Making Working from Home Work

by admin | April 1, 2020

Maybe you are a seasoned road warrior and accustomed to remote work, or maybe working from home is all new. Fortunately, technology makes it quite feasible. Here are some guidelines and tips to assist you as you prepare to work from home in a safe, functional work environment. Note, this list is intended for guidance and information purposes only. If you have any questions regarding these tips, please reach out to your supervisor or IT provider for additional information.

Work Space

Set up a work space that is as functional, comfortable and private as possible. Sitting on the couch with your laptop works for a little while, but is not terribly ergonomic. Your body will eventually let you know. If you have kids, pets, roommates, a partner or a combination of any; you will be interrupted, distracted and potentially expose corporate information better kept private.

Find a quiet corner, roomy closet or private room where you can set up a sturdy table or desk with a comfortable chair. Room dividers work well to create a bit more privacy. Set up some good lighting if needed, make space for the tools you'll need throughout the day. If you keep a beverage going, make a solid spot for it where it won't fall onto your electronics or paperwork. As much as possible, make sure your screen is shielded from sight of others. A privacy screen is great in open spaces! Use a headset or earbuds on the phone if you share space.

A door makes a great barrier to intrusion. A lock is even better! In the absence of a door, find a way to discourage entry from pets and small children that don't necessarily recognize you're trying to work. Signs can be a fun way to establish the fact; find an inexpensive on-air sign or have one of your kids make a sign you can display. Maybe there are appropriate times where you can let the kids and pets be involved--use your discretion. We're all facing similar challenges, and we can all use a smile now and then.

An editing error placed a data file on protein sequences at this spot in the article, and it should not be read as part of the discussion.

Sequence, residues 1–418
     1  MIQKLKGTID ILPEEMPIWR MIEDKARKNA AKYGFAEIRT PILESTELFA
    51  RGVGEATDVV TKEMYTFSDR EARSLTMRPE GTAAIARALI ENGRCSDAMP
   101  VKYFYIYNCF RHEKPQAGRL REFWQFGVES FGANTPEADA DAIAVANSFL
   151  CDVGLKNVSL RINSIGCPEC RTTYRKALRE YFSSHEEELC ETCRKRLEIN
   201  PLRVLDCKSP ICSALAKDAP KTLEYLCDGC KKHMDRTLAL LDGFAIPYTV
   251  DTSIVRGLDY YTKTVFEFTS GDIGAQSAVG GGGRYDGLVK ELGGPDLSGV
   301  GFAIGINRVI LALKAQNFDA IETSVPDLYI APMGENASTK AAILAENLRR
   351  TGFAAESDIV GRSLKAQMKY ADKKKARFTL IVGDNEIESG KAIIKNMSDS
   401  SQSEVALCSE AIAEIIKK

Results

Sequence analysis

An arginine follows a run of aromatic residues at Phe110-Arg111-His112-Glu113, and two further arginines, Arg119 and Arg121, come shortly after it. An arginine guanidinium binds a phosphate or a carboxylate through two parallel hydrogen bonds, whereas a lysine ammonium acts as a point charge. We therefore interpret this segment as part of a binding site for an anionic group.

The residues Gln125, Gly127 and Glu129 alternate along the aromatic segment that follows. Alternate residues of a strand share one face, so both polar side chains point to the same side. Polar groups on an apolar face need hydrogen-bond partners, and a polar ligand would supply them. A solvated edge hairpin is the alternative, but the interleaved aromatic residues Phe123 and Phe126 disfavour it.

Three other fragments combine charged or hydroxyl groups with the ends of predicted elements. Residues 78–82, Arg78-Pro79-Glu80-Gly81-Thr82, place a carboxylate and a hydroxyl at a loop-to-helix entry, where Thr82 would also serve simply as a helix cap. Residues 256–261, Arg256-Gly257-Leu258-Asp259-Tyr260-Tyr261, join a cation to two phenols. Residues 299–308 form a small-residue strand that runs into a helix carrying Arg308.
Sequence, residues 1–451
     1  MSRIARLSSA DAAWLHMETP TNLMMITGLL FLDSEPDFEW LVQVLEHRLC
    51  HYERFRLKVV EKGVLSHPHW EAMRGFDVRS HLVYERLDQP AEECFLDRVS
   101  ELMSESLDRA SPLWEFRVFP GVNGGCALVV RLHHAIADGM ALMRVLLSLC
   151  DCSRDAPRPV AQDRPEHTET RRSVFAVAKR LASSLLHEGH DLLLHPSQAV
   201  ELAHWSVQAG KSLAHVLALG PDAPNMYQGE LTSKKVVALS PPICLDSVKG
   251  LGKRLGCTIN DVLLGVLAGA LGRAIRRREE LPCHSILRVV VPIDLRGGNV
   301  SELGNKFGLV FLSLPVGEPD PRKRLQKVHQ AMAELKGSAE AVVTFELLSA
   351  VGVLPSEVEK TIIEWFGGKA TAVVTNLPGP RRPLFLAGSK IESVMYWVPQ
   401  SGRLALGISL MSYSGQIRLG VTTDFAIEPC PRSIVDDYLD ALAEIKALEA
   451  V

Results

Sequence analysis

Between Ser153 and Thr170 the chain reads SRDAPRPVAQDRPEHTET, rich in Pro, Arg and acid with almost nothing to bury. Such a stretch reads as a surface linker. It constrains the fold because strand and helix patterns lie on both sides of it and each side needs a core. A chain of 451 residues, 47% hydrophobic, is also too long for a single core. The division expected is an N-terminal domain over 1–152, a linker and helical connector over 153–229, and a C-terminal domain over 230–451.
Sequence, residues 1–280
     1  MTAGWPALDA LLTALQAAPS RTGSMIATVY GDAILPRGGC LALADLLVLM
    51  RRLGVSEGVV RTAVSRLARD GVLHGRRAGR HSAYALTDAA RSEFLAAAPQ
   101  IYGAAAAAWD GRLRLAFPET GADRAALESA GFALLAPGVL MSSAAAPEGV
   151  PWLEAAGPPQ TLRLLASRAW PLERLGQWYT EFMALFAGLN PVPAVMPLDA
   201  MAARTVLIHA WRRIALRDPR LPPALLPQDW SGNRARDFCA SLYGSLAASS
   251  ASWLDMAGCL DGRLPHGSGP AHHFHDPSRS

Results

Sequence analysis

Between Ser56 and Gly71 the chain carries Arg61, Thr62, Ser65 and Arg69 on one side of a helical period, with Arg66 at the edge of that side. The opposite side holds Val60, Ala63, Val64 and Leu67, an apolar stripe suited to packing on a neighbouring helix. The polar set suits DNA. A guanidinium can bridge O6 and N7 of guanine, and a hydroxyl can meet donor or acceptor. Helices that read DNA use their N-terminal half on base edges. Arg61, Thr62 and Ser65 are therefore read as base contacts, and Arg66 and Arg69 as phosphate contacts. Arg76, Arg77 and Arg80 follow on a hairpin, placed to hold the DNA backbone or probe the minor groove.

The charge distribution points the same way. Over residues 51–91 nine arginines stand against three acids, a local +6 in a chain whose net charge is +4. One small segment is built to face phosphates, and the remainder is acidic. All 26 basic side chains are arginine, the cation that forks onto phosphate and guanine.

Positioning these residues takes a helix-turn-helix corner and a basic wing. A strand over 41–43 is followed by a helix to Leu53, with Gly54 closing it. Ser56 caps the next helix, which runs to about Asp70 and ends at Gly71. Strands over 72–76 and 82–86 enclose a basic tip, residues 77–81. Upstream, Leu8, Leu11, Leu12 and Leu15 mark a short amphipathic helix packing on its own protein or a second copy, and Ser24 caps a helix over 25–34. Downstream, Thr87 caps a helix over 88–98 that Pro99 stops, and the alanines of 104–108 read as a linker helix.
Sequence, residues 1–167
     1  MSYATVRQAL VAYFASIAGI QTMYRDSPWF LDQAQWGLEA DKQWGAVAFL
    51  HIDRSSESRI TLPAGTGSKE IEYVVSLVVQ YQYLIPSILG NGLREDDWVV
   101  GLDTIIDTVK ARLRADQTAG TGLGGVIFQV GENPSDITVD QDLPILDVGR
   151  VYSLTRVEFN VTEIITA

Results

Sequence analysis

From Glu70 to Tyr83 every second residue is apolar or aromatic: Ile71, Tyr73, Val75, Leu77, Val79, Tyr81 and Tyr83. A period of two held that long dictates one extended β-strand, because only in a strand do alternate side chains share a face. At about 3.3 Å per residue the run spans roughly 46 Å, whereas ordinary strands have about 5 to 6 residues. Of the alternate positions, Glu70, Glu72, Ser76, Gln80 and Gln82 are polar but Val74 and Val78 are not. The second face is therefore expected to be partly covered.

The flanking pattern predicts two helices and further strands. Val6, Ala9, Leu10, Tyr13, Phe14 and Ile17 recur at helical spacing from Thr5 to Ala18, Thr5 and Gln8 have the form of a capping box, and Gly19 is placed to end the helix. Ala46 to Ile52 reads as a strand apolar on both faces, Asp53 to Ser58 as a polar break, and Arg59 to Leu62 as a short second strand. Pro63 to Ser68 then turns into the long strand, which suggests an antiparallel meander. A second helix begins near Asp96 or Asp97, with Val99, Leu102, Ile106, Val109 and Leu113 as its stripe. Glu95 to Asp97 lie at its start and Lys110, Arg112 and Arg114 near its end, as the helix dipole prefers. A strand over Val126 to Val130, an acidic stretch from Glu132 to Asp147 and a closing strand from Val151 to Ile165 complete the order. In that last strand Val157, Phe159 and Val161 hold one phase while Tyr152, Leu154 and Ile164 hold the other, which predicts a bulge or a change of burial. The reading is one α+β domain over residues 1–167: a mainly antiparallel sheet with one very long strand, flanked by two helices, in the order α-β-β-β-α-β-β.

Office Hours

Set and keep a schedule--just like you're in the office. The more normalcy and routine you can set helps, at a minimum, to remember what day it is. Maybe you like working in PJs, but consider that it may encourage you to be less productive. You never know when you'll need to hop on a conference call!

There are two extremes to avoid. One is to become absorbed in work and forget to take breaks, the other is frequently get distracted by videos or the munchies so work doesn't get done. Setting alarms on your computer or phone work for either situation. Time when to take your breaks to improve your efficiency.

Technicalities

Working remotely, whether short-term or permanent comes with many perks, but it also poses many new risks for the security of your organization’s data. For example, if an employee-owned device (laptop, PC, etc.) is connected to the company’s network and contains a virus or malware, they could be spread to your company’s network. The opposite is also true: your business equipment connected to an unsecured home network is essentially in enemy territory. Even with layers of protection, no system should ever be considered immune to threats. When you're out of the office, it becomes more of a challenge to verify the legitimacy of emails (for example, you’re no longer right down the hall from your CEO who requested an unusual wire transfer), you may be unfamiliar with policies and procedures as they pertain to a work from home environment, and the list goes on. What follows are recommendations. Check with your supervisor or IT provider for specific requirements. Before jumping on the bandwagon with the latest cool collaboration tool, check with IT since many, while useful, can introduce a number of significant security risks.

Device Security